1. Join the Camping Babble forums today and become an active member of our growing community. Once registered you'll be able to exchange camping photos, stories and experience with other members. If you're still undecided, feel free to take a look around and see what we're all about!

What is in your first aid kit?

Discussion in 'Other Camping' started by Onatah, Oct 29, 2015.

  1. Onatah

    Onatah Novice Camper

    On our last camping trip, a close friend was seriously injured. We were riding horses up a trail far from camp that also happened to be narrow and heavily wooded. Thankfully, we had cell phone service up there (top of small 'mountain'). We were staying at a horse camp we frequent so we called the camp owner who then helped paramedics locate us. The people who work there had a hard time finding us, even knowing the number of our trail (trail #13 for what it's worth...).

    Given the amount of time it took them to locate us and the fact this could have been potentially life threatening, it made me rethink my standard first aid packing skills. For one, my arm sling will now go with me. I'm not sure what else could have helped in that particular situation but it showed me how quickly things can happen.

    Is there a locator we could have employed with the camp? I know you can put GPS on your kids' phones but I'm totally new to having an android phone so would appreciate knowing what cell phone apps may be out there as well.

    Photo of me taken by my friend's husband just minutes before she was injured. It was so serene and peaceful.
    You just can't predict...

  2. Northern Dancer

    Northern Dancer Survivalist

    Very....interesting. I have been examining "homing devices" or "locators" as I'm a lone canoe/camper. And first aid kits? I have the standard three plus a "lost" bag. I'll get back to you later.

    - "I owe I owe - it's off to work I go. :(
  3. Northern Dancer

    Northern Dancer Survivalist

    First Aid kits - I have three of them. [Checked each year before the summer season to assure that everything is up to date.]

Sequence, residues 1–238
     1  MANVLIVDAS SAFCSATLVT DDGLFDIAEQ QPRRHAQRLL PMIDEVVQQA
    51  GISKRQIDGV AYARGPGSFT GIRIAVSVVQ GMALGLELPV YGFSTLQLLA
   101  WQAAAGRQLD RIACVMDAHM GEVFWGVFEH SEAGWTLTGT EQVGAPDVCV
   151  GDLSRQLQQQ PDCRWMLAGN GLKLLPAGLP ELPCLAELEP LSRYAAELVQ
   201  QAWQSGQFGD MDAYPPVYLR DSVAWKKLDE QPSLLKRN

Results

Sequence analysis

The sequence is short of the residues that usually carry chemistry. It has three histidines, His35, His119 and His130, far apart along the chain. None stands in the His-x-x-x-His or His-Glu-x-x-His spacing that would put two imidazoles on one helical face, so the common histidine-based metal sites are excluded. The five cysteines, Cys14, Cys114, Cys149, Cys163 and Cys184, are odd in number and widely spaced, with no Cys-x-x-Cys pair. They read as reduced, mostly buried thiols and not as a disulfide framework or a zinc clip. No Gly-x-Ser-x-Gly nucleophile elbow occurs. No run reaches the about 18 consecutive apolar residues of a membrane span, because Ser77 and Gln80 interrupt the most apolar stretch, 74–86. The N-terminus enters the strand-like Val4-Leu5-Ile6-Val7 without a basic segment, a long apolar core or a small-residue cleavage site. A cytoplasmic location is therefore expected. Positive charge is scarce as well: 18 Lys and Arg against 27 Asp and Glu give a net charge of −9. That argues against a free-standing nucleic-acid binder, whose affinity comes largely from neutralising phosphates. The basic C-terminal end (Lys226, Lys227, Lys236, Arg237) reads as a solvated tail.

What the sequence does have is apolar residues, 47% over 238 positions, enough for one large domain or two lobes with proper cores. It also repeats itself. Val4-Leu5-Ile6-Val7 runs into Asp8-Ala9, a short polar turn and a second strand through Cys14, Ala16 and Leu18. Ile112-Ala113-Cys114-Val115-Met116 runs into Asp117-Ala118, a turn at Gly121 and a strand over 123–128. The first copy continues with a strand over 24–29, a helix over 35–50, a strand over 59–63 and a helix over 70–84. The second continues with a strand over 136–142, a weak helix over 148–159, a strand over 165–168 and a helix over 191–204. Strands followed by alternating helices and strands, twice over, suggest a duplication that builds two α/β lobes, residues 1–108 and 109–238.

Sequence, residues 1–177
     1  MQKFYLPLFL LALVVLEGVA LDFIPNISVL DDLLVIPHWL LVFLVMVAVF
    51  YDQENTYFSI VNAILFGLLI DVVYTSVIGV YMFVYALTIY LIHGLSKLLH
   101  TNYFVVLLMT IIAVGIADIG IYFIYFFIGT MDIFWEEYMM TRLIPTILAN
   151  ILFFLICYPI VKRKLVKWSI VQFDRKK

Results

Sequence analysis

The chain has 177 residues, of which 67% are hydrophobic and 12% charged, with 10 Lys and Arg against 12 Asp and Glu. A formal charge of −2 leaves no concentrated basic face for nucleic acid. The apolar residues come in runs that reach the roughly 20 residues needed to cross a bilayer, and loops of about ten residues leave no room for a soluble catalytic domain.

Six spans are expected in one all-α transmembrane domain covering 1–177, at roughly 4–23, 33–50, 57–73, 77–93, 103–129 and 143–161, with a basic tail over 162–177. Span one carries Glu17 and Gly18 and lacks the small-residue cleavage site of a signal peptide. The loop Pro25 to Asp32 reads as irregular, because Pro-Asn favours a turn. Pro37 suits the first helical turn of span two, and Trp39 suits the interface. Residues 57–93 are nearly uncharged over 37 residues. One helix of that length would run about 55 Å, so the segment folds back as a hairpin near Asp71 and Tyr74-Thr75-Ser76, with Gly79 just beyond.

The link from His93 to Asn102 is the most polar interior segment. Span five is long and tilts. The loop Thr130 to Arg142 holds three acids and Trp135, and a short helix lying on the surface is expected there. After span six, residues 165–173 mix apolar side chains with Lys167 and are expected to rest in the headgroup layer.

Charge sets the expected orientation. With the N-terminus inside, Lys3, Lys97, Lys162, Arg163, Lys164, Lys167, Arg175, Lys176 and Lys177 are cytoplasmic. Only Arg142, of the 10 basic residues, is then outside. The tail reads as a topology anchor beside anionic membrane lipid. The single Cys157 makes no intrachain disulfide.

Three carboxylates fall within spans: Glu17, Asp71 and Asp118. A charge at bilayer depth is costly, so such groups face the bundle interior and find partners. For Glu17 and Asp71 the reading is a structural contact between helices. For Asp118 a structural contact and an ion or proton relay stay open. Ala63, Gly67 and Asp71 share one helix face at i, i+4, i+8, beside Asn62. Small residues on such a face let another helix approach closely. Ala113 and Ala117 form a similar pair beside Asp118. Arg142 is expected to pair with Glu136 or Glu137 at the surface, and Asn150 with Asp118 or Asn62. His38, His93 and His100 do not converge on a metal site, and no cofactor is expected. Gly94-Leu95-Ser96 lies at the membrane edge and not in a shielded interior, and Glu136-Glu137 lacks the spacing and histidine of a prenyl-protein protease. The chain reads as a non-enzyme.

I have a base camp or field kit, a canoe tripping kit, and smaller one for hiking and/or for my "lost" kit.

    AND I have some items that are designated for my dog Reese.

    Among other things they are equipped with proper scissors (ones that are sharp and can be relied upon to cut), breathing mask and other items that are appropriate for a "wilderness" application. Most of us have a standard first aid course and some of us have wilderness models as well.

    I purchase my material from a pharmacy that specializes in first aid supplies (the folks that supply our emergency crews and the like) as they have what I need. The usual stuff like band aids for fingers and simply applications can be purchased anywhere.

    We have one reference plastic booklet that is helpful for quick remembering in the canoe kit. It's called Emergency First Aid - recognition and treatment of medial emergencies by the Waterfood Press USA - costs $5.95 (I have the emergency, standard and wilderness first aid books on the shelf and I actually take them down and read them again before the regular season.)

    A reminder to other readers - first aid kits are nearly useless if you haven't developed the skills to use them. Take a course today!
  4. actadh

    actadh Pathfinder

    I always camp near civilization, and rely on the kindness of strangers and proximity to an emergency room. Tweezers, a bottle of peroxide, and a box of bandaids has seen me through five seasons.
  5. Northern Dancer

    Northern Dancer Survivalist

    It's great if you can do that but when we are tripping that kind of thinking could cause a life. I still strongly recommend a first aid course for anyone whether they camp or not.
Draft saved Draft deleted

Share This Page